Lammas (Lughnasadh) Cooking
Why not celebrate with a big feast?
Lammas is all about the bounty of the early harvest. Nothing quite says Lammas Menu like bread and other grains, as well as early fall veggies like squash, or late summer fruits such as apples. Plan your Sabbat menu and have a delicious dinner to celebrate Lammas!
Bread is the ultimate symbol of the Lammas season. After all, once the grain is harvested, it is milled and baked into bread, which is then consumed. It is the cycle of the harvest come full circle. The spirit of the grain god lives on through us in the eating of the bread. In many traditions, a loaf of special bread is baked in the shape of a man, to symbolize the god of the harvest. You can easily make a loaf of Lammas bread by using a pre-made loaf of bread dough, found in the frozen food section in your grocery store. Certainly, you can make your own dough, but if you're not much of a baker, this is an easy alternative.
First, place the frozen dough on a greased cookie sheet. Spray a piece of plastic wrap with non-stick cooking spray or olive oil, and place it on top of the dough. Place the tray in a warm place, and allow the dough to rise for several hours until it has at least doubled in size. Once the dough has risen, cut five slits in it, as shown in Figure 1.
Shaping the Loaf
Shape the two lower sections into legs, the side sections into arms, and the top section into a head. Bake the bread for 40 minutes, at about 350 degrees, or until golden brown. After baking, remove from oven and allow it to cool on a wire rack. Brush the bread man with melted butter, sprinkle with herbs if you like, and use in your Lammas ritual.
At Lammas, blackberries are ripe and ready for picking. Go out and gather a bucketful and make a delicious blackberry cobbler for your summer celebrations!
Prep Time: 20 minutes
Cook Time: 45 minutes
Total Time: 1 hour, 5 minutes
Preheat oven to 350 degrees.
Cream together sugar and butter until light and fluffy. Add in the flour, baking powder, milk and salt. Blend until creamy, and spread into a greased 12 x 8" baking pan.
Pour blackberries over batter, and sprinkle with remaining sugar and cinnamon. Pour boiling water over the top, and then bake for 45 minutes or until golden brown. Serve warm with a scoop of vanilla ice cream, or with fresh cream.
Blackberry Cobbler, Member Skyefiare
The recipe called for 1 C fresh blackberries, that is so not enough. I just added until it looked right, closer to 4 C
The early harvest and the threshing of grain has been celebrated for thousands of years. Here are just a few of the customs and legends surrounding the Lammas season.
In many cultures, there are different legends and lore surrounding Lammas (Lughnasadh). Here are a few of the stories about this magical harvest celebration from around the world.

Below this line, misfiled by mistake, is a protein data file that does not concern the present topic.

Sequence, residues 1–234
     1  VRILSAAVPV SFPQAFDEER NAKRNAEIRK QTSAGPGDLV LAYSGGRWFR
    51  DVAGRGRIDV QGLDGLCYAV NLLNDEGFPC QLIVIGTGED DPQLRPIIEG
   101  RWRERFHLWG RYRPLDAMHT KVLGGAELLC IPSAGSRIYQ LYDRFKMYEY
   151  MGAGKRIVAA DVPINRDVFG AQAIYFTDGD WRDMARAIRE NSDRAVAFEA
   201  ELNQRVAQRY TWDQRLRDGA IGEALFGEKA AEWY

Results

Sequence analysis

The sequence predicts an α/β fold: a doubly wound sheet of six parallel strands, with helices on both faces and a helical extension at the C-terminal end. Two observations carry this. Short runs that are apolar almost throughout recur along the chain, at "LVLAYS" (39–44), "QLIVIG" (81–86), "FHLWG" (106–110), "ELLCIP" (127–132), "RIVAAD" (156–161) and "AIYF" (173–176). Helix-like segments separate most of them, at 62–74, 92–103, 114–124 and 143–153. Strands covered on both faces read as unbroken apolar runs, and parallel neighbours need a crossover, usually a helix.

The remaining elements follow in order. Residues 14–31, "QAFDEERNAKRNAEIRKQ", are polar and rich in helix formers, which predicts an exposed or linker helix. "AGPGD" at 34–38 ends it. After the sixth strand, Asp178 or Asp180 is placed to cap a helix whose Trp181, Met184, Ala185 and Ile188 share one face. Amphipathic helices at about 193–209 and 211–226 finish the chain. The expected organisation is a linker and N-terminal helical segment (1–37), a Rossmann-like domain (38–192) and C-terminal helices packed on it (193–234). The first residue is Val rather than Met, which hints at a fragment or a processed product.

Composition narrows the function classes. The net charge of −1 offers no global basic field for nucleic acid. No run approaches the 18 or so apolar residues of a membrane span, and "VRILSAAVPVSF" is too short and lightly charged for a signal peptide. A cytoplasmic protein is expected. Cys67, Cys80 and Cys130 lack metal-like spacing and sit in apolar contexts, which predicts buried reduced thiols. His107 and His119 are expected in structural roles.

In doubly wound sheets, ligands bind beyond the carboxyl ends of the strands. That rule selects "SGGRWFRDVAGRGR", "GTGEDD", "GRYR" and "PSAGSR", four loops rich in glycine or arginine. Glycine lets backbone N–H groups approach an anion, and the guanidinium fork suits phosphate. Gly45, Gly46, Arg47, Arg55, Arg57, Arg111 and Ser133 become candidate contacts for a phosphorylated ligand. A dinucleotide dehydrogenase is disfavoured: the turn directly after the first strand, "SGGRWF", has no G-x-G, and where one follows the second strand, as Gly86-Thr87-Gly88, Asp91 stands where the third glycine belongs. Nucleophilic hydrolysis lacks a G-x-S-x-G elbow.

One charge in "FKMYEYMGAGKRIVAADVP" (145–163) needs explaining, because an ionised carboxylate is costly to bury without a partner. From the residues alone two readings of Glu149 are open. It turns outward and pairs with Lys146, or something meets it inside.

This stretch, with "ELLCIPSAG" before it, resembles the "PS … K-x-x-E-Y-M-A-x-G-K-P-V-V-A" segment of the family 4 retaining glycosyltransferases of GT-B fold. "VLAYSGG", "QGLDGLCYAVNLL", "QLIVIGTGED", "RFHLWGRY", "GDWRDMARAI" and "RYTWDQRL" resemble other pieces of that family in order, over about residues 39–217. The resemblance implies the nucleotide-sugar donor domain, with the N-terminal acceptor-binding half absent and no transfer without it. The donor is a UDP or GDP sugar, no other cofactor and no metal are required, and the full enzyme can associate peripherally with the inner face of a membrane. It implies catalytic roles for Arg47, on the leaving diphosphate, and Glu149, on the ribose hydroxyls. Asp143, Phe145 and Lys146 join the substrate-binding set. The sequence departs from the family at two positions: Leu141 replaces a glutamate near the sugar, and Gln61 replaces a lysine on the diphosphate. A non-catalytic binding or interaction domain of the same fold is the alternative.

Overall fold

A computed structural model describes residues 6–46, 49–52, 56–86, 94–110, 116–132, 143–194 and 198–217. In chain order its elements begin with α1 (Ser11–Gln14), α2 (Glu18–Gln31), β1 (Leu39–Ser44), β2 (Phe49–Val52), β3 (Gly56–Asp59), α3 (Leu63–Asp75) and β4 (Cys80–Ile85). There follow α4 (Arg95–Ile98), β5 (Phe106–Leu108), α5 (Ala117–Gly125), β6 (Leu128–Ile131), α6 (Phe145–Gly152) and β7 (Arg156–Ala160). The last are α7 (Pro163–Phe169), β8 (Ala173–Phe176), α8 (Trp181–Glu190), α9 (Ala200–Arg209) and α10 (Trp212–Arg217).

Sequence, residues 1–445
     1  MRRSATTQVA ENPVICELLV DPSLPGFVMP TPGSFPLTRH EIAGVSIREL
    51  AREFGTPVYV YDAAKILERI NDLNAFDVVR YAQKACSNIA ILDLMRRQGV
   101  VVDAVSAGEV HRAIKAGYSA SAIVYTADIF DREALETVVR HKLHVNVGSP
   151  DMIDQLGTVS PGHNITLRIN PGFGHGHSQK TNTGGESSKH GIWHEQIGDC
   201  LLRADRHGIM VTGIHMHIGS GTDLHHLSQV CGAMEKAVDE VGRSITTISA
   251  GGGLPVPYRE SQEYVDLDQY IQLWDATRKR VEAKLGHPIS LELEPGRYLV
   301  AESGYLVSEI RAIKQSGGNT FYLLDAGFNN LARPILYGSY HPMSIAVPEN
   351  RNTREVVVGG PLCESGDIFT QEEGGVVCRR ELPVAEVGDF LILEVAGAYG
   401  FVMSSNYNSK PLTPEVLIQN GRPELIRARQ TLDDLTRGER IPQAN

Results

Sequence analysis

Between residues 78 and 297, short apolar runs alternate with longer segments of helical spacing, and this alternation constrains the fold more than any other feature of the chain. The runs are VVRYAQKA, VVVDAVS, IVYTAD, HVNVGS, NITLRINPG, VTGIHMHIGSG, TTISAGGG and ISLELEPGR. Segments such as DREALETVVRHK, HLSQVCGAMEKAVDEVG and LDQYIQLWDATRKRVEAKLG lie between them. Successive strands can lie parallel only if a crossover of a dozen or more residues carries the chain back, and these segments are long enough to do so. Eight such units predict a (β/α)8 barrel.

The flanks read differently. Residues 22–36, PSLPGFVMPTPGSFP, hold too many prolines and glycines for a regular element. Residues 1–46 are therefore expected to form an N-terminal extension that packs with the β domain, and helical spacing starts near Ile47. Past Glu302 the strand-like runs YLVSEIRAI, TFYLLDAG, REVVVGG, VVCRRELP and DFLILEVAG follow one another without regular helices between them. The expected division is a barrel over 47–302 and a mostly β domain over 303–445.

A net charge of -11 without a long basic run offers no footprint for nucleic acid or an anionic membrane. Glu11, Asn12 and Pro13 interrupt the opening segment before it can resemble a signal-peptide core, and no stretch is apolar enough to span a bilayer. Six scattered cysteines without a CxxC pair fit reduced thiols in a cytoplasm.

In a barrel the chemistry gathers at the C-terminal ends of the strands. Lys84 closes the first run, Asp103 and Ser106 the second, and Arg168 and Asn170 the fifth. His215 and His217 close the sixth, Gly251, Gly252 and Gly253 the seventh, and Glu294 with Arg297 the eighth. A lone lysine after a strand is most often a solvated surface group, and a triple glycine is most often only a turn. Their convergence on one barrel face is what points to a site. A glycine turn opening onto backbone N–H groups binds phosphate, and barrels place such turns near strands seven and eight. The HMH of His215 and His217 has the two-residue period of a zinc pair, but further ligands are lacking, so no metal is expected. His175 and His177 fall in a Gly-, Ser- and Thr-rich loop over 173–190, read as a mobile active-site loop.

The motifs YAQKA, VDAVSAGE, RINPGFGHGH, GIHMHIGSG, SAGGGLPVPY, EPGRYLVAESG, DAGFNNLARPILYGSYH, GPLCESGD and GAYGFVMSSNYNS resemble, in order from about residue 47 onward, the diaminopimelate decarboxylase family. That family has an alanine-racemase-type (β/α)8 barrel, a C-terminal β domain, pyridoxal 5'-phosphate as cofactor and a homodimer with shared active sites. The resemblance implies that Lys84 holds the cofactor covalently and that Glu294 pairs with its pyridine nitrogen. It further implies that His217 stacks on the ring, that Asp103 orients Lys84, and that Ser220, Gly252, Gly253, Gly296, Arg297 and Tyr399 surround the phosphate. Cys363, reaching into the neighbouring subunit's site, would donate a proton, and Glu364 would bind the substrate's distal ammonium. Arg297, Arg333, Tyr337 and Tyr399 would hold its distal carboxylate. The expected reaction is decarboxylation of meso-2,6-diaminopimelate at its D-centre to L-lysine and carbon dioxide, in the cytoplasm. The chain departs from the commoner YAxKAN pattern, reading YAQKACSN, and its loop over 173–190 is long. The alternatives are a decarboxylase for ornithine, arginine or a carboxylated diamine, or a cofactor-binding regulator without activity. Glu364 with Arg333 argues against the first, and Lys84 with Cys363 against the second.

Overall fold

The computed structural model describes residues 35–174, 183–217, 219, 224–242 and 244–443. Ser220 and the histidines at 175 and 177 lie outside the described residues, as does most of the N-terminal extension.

Deities of the Fields
Gods and Goddesses of the Early Harvest
By Patti Wigington, About.com Guide
When Lammastide rolls around, the fields are full and fertile. Crops are abundant, and the late summer harvest is ripe for the picking. This is the time when the first grains are threshed, apples are plump in the trees, and gardens are overflowing with summer bounty. In nearly every ancient culture, this was a time of celebration of the agricultural significance of the season. Because of this, it was also a time when many gods and goddesses were honored. These are some of the many deities who are connected with this earliest harvest holiday:
The full moon in August on the 13th begins at 18:57 (6:57 p.m.) Saturday.
This meeting of coven, college and other circles carries forth the celebration of the Harvest season. Altars are decorated with colors of Fall. Flowers might be sun flowers, mums, or dried cattails with an assortment of tall grasses. The cloth would be a hunter green, rust, or muted yellow. The participants may choose new robes of hunter green, rust, robes of floral patterns for fall, etc. Their feast may comprise of squashes, root vegetables, salad greens, tomatoes, watermelon, cantaloupe, grapes and fish (all kinds, esp. Salmon, trout, perch, halibut), fresh apples from the tree (if you can get them.) Their choice of wine for the feast would be a nice red or a chardonnay, and homemade Meade for the Altar ritual.
Whichever way you celebrate this holiday may you reap the positive energies that abound around you.
|John Barleycorn, Lammas, Lughnasadh|
|I am still learning who LaVonne/Dorothy is.|
Statistically I am a 65 y/young mother of 3, grandmother of 9, and great-grandmother of 3. I am a High Priestess and founder of the College of the Boundless Truth, am an Ordained Minister and perform Handfastings, marriages during the Spring and Summer season. I am enjoying my Crone years.
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|Harvest!||dahlianut||Aug 11, 2011 12:59 PM||2|